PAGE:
Robin Gutzen is a PhD student at the Institute for Computational and Systems Neuroscience at the Research Center in Jülich, Germany. His research focuses on the statistical analysis and comparison of neural population dynamics in the form of spiking activity and field potentials. Beyond that, he is interested in the development of scientific software tools to facilitate, for example, validation testing and the integration of heterogeneous data into analysis workflows. Personal Webpage: https://rgutzen.github.io/

Sára Sáray is a doctoral candidate in the Department of Cerebral Cortex Research of the Institute of Experimental Medicine and the Faculty of Information Technology and Bionics, Pázmány Péter Catholic University, Hungary. She is interested in the systematic construction and validation of detailed models of hippocampal neurons based on electrophysiological data.

Her research interests include the computational modeling of dendritic integration in hippocampal pyramidal cells.





Shailesh Appukuttan | CNRS, France
Andrew Davison | CNRS, France
EBRAINS Infrastructure Training Support | Heidelberg University, Germany
a) Requiers a free EBRAINS Account:
  1. Model Catalog (Validation Framework) App
b) Free to access:
  1. Model Catalog (Validation Framework) App - Docs:
  2. Validation Framework REST APIs:
  3. Validation Framework Python Client Docs:
  4. SciUnit Tutorials:
  5. HippoUnit Repository:
  6. HippoUnit Documentation:


FAQs & all you need to know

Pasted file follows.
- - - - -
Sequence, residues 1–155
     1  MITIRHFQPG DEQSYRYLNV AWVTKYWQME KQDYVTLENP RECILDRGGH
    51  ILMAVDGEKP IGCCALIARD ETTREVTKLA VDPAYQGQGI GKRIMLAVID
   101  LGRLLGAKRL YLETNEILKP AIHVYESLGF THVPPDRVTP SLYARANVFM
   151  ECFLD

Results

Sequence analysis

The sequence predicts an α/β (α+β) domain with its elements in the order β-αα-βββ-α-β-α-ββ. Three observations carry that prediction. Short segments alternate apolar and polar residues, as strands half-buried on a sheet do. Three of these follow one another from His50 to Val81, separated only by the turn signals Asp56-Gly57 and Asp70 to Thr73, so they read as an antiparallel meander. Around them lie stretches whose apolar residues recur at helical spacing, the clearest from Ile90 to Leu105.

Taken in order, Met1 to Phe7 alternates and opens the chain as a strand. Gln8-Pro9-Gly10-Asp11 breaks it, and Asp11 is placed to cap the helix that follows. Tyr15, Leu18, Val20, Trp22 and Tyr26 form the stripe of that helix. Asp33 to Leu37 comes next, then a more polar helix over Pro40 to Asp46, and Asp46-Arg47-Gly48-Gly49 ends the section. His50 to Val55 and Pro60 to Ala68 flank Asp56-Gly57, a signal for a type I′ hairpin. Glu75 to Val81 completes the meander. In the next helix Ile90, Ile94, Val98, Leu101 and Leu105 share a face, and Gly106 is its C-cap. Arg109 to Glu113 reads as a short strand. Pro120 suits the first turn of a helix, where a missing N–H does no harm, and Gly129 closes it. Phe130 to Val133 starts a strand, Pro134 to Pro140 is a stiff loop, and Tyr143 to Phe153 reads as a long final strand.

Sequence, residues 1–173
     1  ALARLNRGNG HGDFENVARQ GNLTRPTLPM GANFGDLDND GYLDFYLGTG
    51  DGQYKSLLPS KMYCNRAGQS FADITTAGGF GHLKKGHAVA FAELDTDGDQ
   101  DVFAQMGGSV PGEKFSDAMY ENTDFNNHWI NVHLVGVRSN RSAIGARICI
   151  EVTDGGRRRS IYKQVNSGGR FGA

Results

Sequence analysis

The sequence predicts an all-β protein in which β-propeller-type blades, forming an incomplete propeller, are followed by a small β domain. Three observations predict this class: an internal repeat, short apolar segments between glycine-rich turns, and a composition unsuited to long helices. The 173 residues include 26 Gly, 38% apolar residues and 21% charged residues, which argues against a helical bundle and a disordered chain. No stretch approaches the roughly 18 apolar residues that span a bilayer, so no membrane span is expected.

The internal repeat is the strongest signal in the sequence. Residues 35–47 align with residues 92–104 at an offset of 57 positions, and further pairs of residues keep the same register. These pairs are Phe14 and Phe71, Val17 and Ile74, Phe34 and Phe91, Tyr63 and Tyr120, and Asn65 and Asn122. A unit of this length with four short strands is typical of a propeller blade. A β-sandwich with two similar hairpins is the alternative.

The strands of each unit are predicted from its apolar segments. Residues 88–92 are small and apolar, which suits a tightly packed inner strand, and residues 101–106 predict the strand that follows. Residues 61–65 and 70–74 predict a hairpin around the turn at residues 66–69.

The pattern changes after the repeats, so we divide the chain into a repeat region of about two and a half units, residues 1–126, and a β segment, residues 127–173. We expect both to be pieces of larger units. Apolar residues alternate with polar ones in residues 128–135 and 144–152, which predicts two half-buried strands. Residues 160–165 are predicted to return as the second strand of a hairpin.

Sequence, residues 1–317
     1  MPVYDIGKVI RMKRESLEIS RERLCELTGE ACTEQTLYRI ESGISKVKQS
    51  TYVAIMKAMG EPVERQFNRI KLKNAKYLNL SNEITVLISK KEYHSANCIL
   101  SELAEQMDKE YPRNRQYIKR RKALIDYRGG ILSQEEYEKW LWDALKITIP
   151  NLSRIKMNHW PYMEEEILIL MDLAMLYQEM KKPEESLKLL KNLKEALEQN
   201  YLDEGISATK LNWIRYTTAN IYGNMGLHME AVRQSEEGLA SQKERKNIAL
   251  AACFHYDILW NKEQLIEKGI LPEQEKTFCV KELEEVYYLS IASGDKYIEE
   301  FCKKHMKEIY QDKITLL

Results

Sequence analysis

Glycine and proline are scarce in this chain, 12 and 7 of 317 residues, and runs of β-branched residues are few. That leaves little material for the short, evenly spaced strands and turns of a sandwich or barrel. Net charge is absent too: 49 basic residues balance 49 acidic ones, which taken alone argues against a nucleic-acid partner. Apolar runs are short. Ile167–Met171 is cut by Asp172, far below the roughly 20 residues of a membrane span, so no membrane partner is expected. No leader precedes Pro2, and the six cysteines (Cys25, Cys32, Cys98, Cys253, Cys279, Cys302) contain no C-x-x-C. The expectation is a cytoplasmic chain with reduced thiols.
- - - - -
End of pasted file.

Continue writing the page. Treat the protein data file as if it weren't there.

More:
Registration is mandatory and is open until 30 April 2021.
Please make sure to register with your institutional email address.
Attendance is open to anyone and free of charge.

The link to our virtual conference platform as well as the online credentials will be sent out to all registered participants a few days prior to the event. 

To make this virtual training an interactive experience, it is important that you have access to a stable internet connection, good audio (with microphone) and ideally (not mandatory) a webcam for video communication.

Also, to have the full conference experience it is important that you have installed the Zoom Desktop Client application (v5.3.0 or higher) and that you access the conference platform via the latest version of Google Chrome.

If you have any questions about the event, please contact us at training-support@humanbrainproject.eu

All times in the programme schedule are UTC+2 = CEST.

To prevent missed sessions, we recommend to use a time zone converter in advance.